Your email isn’t as private as you think

Employers must respect the privacy of employees’ communications, but there are exceptions.
You may think that private emails from private accounts, and private messages from private social media accounts, are just that — private. You may also think that your employer cannot discipline you for their contents. You may be wrong.
The European Convention on Human Rights, which is incorporated into UK law, states that everyone has the right to respect for their private and family life, their home and their correspondence. While only public bodies must expressly comply with this, it is relevant to all employers, as courts and tribunals must interpret, as far as possible, all legislation consistently with the right. There are only limited situations where it may not apply — for example, if there are national security concerns.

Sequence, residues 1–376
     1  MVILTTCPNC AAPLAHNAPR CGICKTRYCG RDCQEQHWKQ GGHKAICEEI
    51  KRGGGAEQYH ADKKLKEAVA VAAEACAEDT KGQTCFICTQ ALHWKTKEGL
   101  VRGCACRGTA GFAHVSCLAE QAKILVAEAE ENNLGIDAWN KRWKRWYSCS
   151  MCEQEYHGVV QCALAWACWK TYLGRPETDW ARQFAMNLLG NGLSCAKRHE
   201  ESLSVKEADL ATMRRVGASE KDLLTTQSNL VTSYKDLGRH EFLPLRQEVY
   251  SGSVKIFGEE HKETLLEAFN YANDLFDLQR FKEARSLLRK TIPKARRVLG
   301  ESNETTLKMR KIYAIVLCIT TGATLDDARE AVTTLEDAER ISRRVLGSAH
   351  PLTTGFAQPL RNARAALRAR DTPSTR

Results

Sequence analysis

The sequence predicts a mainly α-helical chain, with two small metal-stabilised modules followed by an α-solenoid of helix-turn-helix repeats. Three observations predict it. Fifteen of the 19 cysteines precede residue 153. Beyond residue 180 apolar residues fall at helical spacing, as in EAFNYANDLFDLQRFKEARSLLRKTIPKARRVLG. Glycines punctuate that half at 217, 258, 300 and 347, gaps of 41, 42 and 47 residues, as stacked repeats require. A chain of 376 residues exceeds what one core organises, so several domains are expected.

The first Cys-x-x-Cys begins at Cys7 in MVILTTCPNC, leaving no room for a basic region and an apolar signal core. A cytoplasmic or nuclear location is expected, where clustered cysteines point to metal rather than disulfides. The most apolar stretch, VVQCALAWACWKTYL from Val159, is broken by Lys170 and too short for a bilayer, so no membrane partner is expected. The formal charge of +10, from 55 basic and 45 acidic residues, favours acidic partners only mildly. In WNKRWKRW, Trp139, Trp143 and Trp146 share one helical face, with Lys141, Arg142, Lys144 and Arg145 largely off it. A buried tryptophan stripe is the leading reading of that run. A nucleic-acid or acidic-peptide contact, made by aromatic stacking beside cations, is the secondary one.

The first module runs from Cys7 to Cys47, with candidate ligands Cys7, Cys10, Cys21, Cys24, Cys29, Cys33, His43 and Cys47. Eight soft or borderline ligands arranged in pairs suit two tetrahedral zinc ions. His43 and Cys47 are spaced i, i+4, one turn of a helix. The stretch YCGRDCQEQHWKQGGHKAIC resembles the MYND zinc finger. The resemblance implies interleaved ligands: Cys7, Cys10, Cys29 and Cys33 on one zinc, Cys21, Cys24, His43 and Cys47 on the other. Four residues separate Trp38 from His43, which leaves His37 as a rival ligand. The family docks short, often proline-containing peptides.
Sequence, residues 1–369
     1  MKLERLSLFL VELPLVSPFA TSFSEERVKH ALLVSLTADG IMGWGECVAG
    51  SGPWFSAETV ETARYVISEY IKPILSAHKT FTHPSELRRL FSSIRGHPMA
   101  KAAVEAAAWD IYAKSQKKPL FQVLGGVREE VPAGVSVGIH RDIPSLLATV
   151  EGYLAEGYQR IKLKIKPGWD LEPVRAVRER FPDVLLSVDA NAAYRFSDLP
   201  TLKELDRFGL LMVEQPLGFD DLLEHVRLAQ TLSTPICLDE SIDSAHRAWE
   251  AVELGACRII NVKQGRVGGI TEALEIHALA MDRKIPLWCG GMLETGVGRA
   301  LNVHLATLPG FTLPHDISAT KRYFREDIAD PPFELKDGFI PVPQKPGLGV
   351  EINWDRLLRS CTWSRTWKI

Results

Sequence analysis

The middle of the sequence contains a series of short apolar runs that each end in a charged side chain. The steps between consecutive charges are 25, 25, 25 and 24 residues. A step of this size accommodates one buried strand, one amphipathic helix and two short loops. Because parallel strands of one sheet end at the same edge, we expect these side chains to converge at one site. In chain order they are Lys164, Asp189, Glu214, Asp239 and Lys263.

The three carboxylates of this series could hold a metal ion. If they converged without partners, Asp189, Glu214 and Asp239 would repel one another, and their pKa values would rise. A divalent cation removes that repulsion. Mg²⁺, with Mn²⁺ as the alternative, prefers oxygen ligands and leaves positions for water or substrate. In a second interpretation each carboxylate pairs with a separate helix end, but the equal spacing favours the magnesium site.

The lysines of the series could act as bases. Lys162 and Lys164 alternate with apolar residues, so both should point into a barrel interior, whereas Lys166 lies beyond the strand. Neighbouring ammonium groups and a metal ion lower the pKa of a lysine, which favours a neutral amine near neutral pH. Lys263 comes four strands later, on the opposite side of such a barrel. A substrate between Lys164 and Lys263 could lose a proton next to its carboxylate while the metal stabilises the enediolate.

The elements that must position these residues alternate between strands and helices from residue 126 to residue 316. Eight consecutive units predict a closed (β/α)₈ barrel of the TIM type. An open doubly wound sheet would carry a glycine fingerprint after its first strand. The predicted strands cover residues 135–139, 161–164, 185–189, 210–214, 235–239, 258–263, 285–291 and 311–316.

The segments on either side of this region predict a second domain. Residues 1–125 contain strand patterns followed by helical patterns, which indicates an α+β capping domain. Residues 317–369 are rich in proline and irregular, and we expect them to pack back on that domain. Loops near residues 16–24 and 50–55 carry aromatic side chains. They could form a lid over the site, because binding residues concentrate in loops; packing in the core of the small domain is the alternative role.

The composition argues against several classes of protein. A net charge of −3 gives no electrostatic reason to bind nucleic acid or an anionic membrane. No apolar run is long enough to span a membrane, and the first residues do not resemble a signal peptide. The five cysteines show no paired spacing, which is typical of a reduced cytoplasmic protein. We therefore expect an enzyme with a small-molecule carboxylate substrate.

In most instances, therefore, emails and messages received and sent through private accounts outside work would be considered private, and employers would have no justification in scrutinising them. But there could be exceptions. What if an employee were to send a sexist email outside work to a friend? Supposing the employee encouraged the friend to forward on the email. What would be the position if, down the line, the email somehow ended up in the employer’s inbox? It may be that the courts would deem that the employee could not have expected privacy.